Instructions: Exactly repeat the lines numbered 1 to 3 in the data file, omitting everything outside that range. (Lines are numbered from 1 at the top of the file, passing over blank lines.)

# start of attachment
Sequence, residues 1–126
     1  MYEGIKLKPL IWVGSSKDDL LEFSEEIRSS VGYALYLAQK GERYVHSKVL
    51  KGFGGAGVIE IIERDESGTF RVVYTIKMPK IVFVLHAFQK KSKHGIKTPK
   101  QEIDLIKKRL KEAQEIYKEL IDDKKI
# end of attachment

Sequence, residues 1–126
     1  MYEGIKLKPL IWVGSSKDDL LEFSEEIRSS VGYALYLAQK GERYVHSKVL
    51  KGFGGAGVIE IIERDESGTF RVVYTIKMPK IVFVLHAFQK KSKHGIKTPK